broke ring

broker

[broh-ker]
noun
1.
an agent who buys or sells for a principal on a commission basis without having title to the property.
2.
a person who functions as an intermediary between two or more parties in negotiating agreements, bargains, or the like.
verb (used with object)
4.
to act as a broker for: to broker the sale of a house.
verb (used without object)
5.
to act as a broker.

Origin:
1350–1400; Middle English broco(u)r < Anglo-French broco(u)r, abrocour middleman, wine merchant; compare Old Provençal abrocador, perhaps based on Spanish alboroque gift or drink concluding a transaction (< Arabic al-burūk the gift, gratuity), with -ador < Latin -ātōr- -ator

brokership, noun
subbroker, noun
Dictionary.com Unabridged

brokerage

[broh-ker-ij]
noun
1.
Also, brokering. the business of a broker.
2.
the commission of a broker.

Origin:
1425–75; late Middle English; see broker, -age

Dictionary.com Unabridged
Based on the Random House Dictionary, © Random House, Inc. 2014.
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Collins
World English Dictionary
broker (ˈbrəʊkə)
 
n
1.  an agent who, acting on behalf of a principal, buys or sells goods, securities, etc, in return for a commission: insurance broker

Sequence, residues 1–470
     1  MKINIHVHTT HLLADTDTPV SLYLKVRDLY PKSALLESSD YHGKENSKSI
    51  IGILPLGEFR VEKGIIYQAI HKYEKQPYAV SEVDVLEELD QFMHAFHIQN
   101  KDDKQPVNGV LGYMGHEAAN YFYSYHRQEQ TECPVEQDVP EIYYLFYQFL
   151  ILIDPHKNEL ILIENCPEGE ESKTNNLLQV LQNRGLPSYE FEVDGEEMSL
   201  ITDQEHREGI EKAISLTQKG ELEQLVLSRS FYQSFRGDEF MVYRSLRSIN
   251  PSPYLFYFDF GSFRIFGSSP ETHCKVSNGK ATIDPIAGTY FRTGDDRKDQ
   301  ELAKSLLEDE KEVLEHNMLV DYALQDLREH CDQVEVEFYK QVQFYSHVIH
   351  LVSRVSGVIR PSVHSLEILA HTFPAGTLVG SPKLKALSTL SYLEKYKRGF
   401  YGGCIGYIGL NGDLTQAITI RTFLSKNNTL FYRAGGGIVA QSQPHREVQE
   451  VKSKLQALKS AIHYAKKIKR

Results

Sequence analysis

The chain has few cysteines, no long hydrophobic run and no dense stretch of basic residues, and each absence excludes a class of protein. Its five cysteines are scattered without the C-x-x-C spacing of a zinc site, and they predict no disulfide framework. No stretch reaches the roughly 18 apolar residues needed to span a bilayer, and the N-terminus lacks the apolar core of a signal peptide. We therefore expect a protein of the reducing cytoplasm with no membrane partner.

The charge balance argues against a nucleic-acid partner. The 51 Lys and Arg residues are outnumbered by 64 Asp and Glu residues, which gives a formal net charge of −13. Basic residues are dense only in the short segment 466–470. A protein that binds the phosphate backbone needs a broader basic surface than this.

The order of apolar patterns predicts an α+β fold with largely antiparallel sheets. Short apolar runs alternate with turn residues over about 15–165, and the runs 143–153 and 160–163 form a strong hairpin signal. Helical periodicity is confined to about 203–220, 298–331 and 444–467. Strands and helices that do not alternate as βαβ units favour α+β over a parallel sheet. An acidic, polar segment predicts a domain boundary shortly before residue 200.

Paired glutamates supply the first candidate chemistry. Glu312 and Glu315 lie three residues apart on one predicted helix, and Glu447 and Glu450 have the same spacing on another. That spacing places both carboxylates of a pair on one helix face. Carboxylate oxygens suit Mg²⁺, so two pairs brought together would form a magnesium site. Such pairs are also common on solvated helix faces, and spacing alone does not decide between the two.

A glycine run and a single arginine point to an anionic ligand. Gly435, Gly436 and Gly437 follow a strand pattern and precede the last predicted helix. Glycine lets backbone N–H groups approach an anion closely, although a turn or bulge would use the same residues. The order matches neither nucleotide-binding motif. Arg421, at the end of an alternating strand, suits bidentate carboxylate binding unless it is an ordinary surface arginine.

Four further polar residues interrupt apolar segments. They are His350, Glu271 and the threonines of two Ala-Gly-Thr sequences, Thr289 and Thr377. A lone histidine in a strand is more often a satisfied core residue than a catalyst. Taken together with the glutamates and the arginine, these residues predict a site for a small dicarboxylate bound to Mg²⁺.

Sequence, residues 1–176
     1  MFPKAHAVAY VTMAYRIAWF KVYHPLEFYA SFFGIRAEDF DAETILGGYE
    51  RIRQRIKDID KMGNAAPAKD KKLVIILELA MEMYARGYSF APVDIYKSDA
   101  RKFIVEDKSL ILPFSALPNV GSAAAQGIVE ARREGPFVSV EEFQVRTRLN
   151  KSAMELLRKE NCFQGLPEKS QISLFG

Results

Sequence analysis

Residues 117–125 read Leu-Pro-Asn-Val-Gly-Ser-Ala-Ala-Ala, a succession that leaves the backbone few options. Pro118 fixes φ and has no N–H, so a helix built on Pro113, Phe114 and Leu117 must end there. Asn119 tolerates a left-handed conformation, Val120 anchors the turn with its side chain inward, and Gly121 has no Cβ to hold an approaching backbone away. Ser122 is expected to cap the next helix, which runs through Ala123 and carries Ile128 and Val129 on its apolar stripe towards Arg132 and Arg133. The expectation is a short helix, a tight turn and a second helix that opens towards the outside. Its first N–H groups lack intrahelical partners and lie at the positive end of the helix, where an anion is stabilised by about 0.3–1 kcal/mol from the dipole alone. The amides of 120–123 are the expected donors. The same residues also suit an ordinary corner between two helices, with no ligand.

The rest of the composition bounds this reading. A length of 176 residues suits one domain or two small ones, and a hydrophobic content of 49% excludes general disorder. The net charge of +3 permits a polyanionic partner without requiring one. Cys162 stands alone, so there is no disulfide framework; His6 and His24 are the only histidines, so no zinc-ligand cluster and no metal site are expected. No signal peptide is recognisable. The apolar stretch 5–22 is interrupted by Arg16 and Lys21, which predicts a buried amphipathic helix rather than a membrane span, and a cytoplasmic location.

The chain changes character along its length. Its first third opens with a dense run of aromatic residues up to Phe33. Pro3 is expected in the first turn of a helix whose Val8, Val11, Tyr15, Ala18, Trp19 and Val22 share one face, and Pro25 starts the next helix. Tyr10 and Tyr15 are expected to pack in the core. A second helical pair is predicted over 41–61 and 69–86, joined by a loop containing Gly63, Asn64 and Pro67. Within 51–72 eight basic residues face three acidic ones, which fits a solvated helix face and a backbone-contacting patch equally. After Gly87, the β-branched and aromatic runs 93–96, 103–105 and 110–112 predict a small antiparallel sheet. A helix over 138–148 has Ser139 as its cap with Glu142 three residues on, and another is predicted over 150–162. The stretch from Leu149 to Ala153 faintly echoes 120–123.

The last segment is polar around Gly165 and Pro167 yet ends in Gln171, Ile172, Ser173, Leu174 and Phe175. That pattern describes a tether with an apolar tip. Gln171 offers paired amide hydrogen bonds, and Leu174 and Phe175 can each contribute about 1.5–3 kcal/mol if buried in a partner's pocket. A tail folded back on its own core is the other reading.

2.  (formerly) short for stockbroker
3.  a dealer in second-hand goods
 
vb
4.  to act as a broker (in)
 
[C14: from Anglo-French brocour broacher (of casks, hence, one who sells, agent), from Old Northern French broquier to tap a cask, from broque tap of a cask; see broach1]

brokerage (ˈbrəʊkərɪdʒ)
 
n
1.  commission charged by a broker to his principals
2.  a broker's business or office

Collins English Dictionary - Complete & Unabridged 10th Edition
2009 © William Collins Sons & Co. Ltd. 1979, 1986 © HarperCollins
Publishers 1998, 2000, 2003, 2005, 2006, 2007, 2009
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Etymonline
Word Origin & History

broker
late 14c., from Anglo-Norm. brocour "small trader," from Anglo-Fr. abrokur "retailer of wine, tapster;" perhaps from Port. alborcar "barter," but more likely from O.Fr. brocheor, from brochier "to broach, tap, pierce (a keg)," from broche "pointed tool" (see broach (n.)),
giving original sense of "wine dealer," hence "retailer, middleman, agent." In M.E., used contemptuously of peddlers and pimps. As a verb, implied by 1630s in brokering. Related: Brokered.

brokerage
mid-15c., "a broker's trade," from broker. Also, in 17c., "a pimp's trade."
Online Etymology Dictionary, © 2010 Douglas Harper
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American Heritage
Cultural Dictionary

broker definition


A financial agent or intermediary; a middleman.

The American Heritage® New Dictionary of Cultural Literacy, Third Edition
Copyright © 2005 by Houghton Mifflin Company.
Published by Houghton Mifflin Company. All rights reserved.
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